"As Kenya braced itself for a third week of post-election unrest, analysts warned that the continuing standoff between President Mwai Kibaki and the opposition leader, Raila Odinga, could have far more damaging repercussions for east Africa’s biggest economy than initially forecast," the Financial Times of London reported Tuesday.[1]  --  More protests beginning Wednesday are "expected to bring much of the country to a halt again, with clashes likely between demonstrators and riot police enforcing a ban on rallies," Michela Wrong said.  --  "Both sides appeared to be hardening their stances, with the roads minister, John Michuki, a close Kibaki aide, saying the government did not 'see the point' of a mediation effort led by Kofi Annan, the former United Nations secretary-general."  --  An analysis posted Monday by the Financial Times looked at the larger significance of the turmoil in Kenya.[2]  --  William Wallis said the crisis was "disrupting a narrative that sees Africa overcoming tyranny and conflict and moving steadily towards more accountable forms of rule.  'I fear the Afro-pessimists are going to have a field day,' says Andrew Rugasira, an entrepreneur from neighboring Uganda, recognizing that Kenya’s fall will reverberate far beyond its borders."  --  "China has been quick off the mark, with the People’s Daily, mouthpiece for the ruling Communist Party, suggesting on Monday that 'Western-style democracy simply isn’t suited to African conditions, but rather carries with it the root of disaster.'"  --  “'One of the issues which is raised by Kenya is whether these countries can afford to have a true electoral system at this point or whether the risks are too great,' says Marina Ottoway, an expert on democratic transitions in Africa and the Middle East at the Carnegie Endowment for International Peace.  'I am not saying we should never push for elections,' she continues, 'but the outcome can be a real setback and it is disturbing that a lot of Western organizations, both governmental and non-governmental, assume that it is always the right thing to do.'” ...

1.

In depth

Kenya in turmoil

KENYA PAYING HIGH PRICE FOR INSTABILITY
By Michela Wrong

Financial Times (London)
January 15, 2008

http://www.ft.com/cms/s/0/1b180284-c2f5-11dc-b617-0000779fd2ac.html

As Kenya braced itself for a third week of post-election unrest, analysts warned that the continuing standoff between President Mwai Kibaki and the opposition leader, Raila Odinga, could have far more damaging repercussions for east Africa’s biggest economy than initially forecast.

Kenyan schools, which had delayed reopening because of the violence, welcomed back pupils on Monday for the first time since the Christmas break and shops opened in Nairobi’s central business district, so far untouched by the looting that has gutted other urban centres.

But an opposition call for three days of nationwide protest, starting on Wednesday, was expected to bring much of the country to a halt again, with clashes likely between demonstrators and riot police enforcing a ban on rallies.

A showdown is also expected on Tuesday in parliament, where the opposition -- which won the majority of seats in the parliamentary elections -- has promised to occupy the government side of the chamber.

Both sides appeared to be hardening their stances, with the roads minister, John Michuki, a close Kibaki aide, saying the government did not “see the point” of a mediation effort led by Kofi Annan, the former United Nations secretary-general.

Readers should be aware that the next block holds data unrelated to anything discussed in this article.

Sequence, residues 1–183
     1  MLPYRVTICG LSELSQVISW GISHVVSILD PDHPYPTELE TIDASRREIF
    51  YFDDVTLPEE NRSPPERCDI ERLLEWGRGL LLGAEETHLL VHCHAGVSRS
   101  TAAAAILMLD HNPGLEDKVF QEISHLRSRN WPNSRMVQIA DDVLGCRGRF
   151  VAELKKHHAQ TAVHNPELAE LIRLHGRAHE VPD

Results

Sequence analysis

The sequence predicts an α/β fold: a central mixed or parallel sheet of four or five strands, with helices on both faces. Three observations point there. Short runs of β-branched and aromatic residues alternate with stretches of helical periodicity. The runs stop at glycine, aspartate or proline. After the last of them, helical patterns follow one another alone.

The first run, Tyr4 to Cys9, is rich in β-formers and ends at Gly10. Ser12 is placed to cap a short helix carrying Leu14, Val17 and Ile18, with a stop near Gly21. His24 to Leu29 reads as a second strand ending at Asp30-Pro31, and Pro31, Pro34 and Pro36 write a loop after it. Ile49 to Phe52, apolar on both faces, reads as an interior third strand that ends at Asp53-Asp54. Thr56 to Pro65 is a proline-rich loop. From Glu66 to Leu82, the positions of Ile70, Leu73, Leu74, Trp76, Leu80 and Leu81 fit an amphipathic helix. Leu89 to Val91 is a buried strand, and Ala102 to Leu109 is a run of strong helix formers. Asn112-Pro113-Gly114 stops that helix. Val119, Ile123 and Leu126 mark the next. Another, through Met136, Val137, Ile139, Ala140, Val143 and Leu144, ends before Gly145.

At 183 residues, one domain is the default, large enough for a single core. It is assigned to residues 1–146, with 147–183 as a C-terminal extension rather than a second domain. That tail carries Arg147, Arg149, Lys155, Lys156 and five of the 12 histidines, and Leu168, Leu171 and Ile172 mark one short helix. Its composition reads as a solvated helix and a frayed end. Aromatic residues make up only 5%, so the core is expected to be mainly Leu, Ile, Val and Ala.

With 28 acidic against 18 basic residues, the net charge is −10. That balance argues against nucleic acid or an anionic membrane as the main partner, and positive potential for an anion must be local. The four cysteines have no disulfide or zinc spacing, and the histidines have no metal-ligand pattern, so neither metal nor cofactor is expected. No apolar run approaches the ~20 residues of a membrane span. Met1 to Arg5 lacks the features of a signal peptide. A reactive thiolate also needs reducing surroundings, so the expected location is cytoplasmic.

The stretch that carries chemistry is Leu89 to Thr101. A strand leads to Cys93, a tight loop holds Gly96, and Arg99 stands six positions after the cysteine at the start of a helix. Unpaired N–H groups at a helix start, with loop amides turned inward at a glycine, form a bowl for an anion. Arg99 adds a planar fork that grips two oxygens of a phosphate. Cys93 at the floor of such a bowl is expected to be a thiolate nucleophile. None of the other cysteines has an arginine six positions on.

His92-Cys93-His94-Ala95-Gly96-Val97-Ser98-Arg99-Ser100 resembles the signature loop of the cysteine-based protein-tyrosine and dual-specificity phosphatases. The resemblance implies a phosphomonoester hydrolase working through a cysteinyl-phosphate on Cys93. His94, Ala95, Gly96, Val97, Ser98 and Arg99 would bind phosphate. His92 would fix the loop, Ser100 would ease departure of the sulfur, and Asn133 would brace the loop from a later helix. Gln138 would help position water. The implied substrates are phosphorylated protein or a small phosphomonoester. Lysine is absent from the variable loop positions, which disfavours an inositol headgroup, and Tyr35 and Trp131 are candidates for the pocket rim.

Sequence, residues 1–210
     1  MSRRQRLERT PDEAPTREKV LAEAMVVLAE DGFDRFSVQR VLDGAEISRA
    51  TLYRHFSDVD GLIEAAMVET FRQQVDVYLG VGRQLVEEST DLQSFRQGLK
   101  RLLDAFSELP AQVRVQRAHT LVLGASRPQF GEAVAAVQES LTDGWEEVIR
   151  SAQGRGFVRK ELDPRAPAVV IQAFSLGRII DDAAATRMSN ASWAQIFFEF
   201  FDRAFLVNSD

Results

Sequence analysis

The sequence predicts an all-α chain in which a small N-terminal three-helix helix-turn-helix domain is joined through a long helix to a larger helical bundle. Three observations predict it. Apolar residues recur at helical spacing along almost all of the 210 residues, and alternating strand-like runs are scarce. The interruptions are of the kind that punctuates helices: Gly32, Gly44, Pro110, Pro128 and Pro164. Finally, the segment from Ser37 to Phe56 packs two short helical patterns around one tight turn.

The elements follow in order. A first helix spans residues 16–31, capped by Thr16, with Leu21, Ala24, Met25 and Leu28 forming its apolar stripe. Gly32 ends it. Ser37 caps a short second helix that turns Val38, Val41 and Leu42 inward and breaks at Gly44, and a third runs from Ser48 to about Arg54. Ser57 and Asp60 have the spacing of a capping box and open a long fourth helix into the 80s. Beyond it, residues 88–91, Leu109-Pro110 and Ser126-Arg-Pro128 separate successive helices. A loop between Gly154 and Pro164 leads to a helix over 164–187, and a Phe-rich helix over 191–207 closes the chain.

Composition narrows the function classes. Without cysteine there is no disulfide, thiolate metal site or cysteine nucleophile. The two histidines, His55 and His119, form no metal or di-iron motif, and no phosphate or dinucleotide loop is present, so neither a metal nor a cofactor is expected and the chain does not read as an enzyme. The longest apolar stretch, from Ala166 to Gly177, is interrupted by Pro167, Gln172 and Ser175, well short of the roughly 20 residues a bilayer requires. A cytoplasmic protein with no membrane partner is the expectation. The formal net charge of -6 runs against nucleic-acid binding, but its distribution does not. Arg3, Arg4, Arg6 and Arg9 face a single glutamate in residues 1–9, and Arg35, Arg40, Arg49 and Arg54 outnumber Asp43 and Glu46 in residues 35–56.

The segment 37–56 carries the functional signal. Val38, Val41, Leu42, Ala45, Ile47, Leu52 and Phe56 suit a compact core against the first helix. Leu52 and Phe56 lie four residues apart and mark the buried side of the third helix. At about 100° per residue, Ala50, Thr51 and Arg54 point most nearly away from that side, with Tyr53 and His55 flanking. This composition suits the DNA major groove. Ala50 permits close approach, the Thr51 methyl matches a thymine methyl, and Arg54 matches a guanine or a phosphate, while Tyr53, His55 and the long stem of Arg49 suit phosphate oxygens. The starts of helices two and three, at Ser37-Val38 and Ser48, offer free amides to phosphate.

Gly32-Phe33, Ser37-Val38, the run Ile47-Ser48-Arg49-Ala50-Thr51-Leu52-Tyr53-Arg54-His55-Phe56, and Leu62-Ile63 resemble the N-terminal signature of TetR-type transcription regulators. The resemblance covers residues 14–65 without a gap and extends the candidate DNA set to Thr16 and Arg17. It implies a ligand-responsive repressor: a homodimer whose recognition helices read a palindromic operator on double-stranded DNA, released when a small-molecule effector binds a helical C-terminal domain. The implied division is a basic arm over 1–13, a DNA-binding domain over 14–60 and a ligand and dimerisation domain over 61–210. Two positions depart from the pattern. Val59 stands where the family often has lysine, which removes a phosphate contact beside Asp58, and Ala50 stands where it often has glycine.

Mr. Annan is due to fly in to try to broker a deal between government and opposition, who both claim victory in December’s presidential poll.

The rising rhetoric damped initial predictions that Kenya’s economy would swiftly bounce back.

Last week, the finance minister, Amos Kimunya, acknowledged losses to the exchequer of Ks65 billion ($969m, 651m euros, £495m), but insisted Kenya would still meet a pre-election growth target of between 7 and 8 per cent in 2008, a view endorsed by the central bank.

Such assessments, however, are looking unrealistic.

“The ability to recover is there,” says Professor Terry Ryan, former adviser to the finance ministry. “But you can’t have a situation in which rallies keep being held and people think their windows are going to get broken all over again. It’s all about confidence.” He put likely growth at between 2 and 4.5 per cent, as long as the situation swiftly returned to normal.

Robert Shaw, another veteran commentator, predicted growth of 3 to 4 per cent. “I wouldn’t want to be running Kenya’s economy at the moment. There’s a huge budget deficit looming.”

The tourism sector, which brings in nearly $700m a year, has seen a dramatic fall in numbers, with charter airlines flying into Mombasa empty and returning to Europe full.

The Kenya tourist board said first-quarter arrivals would be fewer than half a projected 314,000, and the sector stood to lose 120,000 jobs by March. Bookings for July and August holidays are usually made at this time of year, and tour operators now see Tanzania and South Africa benefiting from Kenya’s troubles.

David Ndii, an analyst, said he was more worried by the impact on agriculture. Traffic on roads, many of which have been blockaded by angry militias, has shrunk to a trickle, preventing milk, picked tea, and other perishable produce from getting to processing plants and to market.

In addition, many of the 200,000 people displaced by the violence were farmers cultivating plots in the Rift Valley. “Eighty per cent of Kenya’s maize comes from [the] Rift Valley, and these farmers are not likely to return to their plots in a hurry. That is going to hit agricultural production,” said Mr. Ndii. “It’s hard to see us maintaining our economic momentum.”

Agriculture’s problems will have a knock-on effect on Kenya’s financial sector, with banks racking up non-performing loans from farmers and unsuccessful parliamentary candidates who borrowed ahead of the polls.